Our courthouses have Justice blindfolded with the scales—so she won’t be swayed by emotion which would throw her out of wack (you don’t know the half of it).

Libra also refers to the Greek word for yoke. . . The astrological glyph for Libra resembles both a balance and a yoke. Criminals are yoked by the balanced application of the law, and spouses are bound or yoked together by matrimony. Mythological images of scales, yokes and swords (another symbol of justice and a suit of the tarot) have early roots in Western myth and culture.”

But, some say The Empress is the card for the Libra, being that Venus is the symbol of female fecundity and fertility and the planet that rules Libra.

She influences love and the emotions (which can be very pleasant and loving or play havoc with how you perceive people or circumstances, as well as the state of your own emotional mindset.) Like Venus, the Empress also means justice or adjustment.

“The main symbol for this card is a balance or scale used for measuring weight. The scale is held by a goddess who holds an upright sword. The symbolism represents the law of cause and effect; those natural forces which seek a balance or moderation in all things. The figure shown in the Thoth deck is the feminine complement of the Fool, a young and slender woman. She is poised on her toes and crowned with the feathers of Maat, the goddess of justice. On her forehead is the Uraeus serpent. She is masked (Harlequin) and holds a magic Swords in both hands between her thighs. She is wrapped in a Cloak of Mystery. Before her is a large two-pan balance. This card represents the conscience. The imagery suggests the archetypes of justice, fairness, and balance.”
            by Gerald Schueler, Ph.D. © 1997

But, the best explanation: is that when Venus is in the sign of Libra, “from a Tarot perspective, would be likened to the Empress is wearing the clothes of Justice. She’s gotten tough and taken up the sword. She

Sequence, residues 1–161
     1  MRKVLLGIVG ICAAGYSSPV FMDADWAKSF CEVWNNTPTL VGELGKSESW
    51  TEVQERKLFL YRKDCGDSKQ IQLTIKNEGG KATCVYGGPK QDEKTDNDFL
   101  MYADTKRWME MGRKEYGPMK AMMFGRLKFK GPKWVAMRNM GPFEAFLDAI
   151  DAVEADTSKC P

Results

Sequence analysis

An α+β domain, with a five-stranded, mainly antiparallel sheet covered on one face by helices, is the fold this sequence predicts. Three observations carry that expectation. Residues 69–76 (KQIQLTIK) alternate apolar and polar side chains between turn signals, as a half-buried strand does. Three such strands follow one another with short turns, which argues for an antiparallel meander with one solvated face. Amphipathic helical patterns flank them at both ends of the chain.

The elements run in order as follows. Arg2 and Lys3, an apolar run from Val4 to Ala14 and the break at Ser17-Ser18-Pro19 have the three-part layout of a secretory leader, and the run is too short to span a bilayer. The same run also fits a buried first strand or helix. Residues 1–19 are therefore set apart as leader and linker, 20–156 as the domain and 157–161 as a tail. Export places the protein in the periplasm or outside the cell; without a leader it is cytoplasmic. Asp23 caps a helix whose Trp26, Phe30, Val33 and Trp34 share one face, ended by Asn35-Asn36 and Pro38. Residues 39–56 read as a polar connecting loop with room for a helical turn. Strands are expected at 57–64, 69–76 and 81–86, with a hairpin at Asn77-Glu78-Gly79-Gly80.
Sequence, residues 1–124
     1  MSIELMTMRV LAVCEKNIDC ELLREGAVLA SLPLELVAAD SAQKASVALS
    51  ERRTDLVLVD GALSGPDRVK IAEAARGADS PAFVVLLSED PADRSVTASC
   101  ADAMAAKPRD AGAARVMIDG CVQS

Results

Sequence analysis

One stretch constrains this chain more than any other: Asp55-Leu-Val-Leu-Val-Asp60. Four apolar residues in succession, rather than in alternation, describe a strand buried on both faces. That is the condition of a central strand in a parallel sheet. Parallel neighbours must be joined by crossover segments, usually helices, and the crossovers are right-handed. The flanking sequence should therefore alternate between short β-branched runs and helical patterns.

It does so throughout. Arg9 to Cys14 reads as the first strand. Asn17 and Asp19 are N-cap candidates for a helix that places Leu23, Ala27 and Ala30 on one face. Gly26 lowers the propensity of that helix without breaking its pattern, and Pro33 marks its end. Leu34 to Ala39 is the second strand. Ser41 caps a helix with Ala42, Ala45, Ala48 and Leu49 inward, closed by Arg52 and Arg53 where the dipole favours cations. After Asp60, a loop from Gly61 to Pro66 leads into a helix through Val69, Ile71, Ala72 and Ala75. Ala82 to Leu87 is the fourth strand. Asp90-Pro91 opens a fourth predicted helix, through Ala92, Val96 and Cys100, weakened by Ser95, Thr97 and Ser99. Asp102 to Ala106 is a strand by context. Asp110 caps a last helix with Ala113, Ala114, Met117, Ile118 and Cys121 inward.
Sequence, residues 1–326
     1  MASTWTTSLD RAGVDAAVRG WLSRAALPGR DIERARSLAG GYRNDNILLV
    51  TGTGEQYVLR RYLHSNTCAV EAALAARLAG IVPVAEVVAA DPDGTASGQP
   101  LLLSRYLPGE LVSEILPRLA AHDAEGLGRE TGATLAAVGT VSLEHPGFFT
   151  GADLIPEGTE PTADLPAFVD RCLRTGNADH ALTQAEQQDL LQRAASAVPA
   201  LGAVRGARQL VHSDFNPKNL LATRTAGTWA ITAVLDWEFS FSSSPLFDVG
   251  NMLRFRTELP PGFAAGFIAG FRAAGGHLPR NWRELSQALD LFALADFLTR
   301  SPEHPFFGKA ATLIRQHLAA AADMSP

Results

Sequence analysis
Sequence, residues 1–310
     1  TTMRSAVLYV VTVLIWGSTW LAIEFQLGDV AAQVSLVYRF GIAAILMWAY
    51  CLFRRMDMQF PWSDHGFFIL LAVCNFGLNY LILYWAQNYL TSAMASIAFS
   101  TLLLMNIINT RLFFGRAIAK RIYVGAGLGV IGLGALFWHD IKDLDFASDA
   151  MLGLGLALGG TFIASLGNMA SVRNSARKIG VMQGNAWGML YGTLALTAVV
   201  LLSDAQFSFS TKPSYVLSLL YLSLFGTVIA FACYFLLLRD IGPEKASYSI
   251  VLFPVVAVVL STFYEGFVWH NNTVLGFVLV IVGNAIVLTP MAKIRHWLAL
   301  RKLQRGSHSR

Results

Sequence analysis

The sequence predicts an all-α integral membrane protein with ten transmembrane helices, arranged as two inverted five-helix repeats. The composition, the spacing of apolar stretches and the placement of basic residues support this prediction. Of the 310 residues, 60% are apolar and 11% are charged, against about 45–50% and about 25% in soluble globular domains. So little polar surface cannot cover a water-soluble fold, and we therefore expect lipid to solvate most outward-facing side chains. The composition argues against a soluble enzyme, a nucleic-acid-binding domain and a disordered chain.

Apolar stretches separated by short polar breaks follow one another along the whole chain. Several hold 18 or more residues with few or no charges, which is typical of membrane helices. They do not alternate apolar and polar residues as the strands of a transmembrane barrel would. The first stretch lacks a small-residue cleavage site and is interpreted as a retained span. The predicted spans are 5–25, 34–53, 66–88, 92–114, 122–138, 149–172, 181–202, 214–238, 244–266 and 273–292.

“is about creation and abundance. She encourages play and wants to shower the whole world in joy. She’s a hands-on type mother, and maybe a little indulgent, but she knows the world can be tough. If she can provide her children with protection from what’s ugly and cold, she’ll do it.And she’ll do it with style.
The Empress is beauty in all its manifestations, and love fills everything she touches. Justice, on the other hand is a little more hard-core. It’s not that she doesn’t love, but she’s more concerned that things are fair or right.
She insists on balance, clarity and respect for authority. Not the authority of the dictator, but the authority of a more universal law. Rules are guides to ‘right living’, and can be very useful. But Justice is more than just rules. She’s the guardian of nature’s interplay.”  http://bit.ly/wbJYSr

So there you have multiple, and complex ideas, on how to write a Libra character. A few of our local writers here in town are astrologers and go about building their characters through knowledge of astrology.